Then we start to feel a need to do something about it, to become solution oriented, begin to focus on resistance and finding like minded people, and a sense safety in numbers. We then begin to pay less attention to the day-to-day minutiae of what the elites are up to and start building alternative systems.
I have watched daily youtubers like Richard Vobes and Dr John Campbell going through these stages in real time. It might like the stages of grief, so it might actually be necessary to go through the fear stage, in order to get to the other side.
You've hit an important point! There really does seem to be an addictive component. This is often pathologized to dismiss people's very real concerns, but I can't help but wonder if that element serves a real purpose. In your mind, what do you think specifically makes it addictive?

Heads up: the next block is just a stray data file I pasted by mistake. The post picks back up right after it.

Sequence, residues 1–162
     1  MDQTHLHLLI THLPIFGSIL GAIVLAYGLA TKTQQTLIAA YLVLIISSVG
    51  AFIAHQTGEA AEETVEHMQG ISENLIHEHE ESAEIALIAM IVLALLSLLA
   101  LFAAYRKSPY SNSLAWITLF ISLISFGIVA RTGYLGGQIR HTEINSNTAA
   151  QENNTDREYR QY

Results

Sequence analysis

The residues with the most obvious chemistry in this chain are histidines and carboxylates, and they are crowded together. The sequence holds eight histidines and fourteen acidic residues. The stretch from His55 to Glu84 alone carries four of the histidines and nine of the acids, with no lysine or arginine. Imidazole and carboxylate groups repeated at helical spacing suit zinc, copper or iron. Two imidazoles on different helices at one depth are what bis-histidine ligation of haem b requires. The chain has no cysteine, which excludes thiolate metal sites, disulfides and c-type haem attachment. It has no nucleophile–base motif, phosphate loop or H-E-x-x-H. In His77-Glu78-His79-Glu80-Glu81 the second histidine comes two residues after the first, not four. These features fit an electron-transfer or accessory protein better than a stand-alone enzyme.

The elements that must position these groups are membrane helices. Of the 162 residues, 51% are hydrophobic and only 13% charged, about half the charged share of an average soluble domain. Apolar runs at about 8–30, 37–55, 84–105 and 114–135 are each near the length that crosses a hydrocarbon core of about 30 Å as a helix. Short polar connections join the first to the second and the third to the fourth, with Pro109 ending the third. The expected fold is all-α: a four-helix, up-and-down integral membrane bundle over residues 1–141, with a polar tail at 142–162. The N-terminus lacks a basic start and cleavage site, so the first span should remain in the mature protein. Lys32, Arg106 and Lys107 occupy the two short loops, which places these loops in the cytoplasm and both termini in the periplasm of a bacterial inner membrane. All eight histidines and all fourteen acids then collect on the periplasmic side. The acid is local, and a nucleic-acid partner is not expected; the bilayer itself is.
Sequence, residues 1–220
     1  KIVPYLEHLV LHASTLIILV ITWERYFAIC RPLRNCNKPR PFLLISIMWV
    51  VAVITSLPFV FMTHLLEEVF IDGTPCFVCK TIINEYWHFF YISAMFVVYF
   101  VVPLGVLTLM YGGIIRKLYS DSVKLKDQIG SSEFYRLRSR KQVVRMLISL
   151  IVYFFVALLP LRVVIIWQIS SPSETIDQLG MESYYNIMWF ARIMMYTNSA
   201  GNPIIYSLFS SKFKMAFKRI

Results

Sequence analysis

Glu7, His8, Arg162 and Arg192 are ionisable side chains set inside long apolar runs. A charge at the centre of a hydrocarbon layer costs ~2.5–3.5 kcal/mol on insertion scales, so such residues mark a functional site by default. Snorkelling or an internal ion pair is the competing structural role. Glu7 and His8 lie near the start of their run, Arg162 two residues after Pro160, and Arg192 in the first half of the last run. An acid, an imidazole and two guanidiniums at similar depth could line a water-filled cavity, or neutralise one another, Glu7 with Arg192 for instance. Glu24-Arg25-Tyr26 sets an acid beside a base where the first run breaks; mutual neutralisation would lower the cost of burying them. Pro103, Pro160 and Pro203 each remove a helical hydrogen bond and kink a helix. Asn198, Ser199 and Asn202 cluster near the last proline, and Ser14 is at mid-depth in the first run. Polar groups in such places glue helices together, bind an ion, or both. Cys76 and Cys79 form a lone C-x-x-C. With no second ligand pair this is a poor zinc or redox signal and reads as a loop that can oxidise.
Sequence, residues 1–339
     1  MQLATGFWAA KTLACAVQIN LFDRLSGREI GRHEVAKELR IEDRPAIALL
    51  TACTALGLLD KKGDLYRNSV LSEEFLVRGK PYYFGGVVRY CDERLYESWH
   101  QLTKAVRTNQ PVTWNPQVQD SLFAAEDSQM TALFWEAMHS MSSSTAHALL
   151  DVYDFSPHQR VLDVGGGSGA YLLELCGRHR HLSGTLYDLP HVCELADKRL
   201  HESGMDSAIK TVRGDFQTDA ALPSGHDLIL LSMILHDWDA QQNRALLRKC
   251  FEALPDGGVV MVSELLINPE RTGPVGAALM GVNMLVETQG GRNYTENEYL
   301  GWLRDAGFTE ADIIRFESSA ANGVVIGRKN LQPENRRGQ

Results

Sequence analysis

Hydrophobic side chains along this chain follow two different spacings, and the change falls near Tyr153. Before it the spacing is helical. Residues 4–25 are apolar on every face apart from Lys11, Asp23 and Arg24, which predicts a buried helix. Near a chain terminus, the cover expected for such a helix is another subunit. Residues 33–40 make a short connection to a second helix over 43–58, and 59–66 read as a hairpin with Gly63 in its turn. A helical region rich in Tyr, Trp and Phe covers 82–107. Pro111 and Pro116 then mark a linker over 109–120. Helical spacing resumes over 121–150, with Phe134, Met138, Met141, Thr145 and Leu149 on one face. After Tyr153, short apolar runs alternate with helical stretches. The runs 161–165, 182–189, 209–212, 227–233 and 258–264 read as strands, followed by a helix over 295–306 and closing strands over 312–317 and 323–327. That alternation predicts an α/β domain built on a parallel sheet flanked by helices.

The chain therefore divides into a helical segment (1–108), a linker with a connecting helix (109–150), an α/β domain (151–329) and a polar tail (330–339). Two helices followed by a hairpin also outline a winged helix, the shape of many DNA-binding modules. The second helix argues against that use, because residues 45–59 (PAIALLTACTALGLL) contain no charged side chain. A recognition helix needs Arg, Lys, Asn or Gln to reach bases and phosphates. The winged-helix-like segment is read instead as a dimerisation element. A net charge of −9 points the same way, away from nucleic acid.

I've seen the mainstream argue it's because it's just selfish people who want to feel better than everyone else. In my experience this doesn't match up to reality as many of the other people I've encountered on this journey are some of the least selfish I've met.
I do think the fact that it's even possible is a marvel to itself, it's a testament to how useful a free and open web can be.
Gary: When we are stressed or threatened, we go through a defence cascade of escalating responses. First a startle or orienting response, that takes us either back to calm, or to a fight-flight type response. If the flight-fight response isn't successful at ameliorating the threat, we then escalate into a rigid type of freeze, or playing dead, response, and if that doesn't work we end up fainting or in a floppy type of freeze response.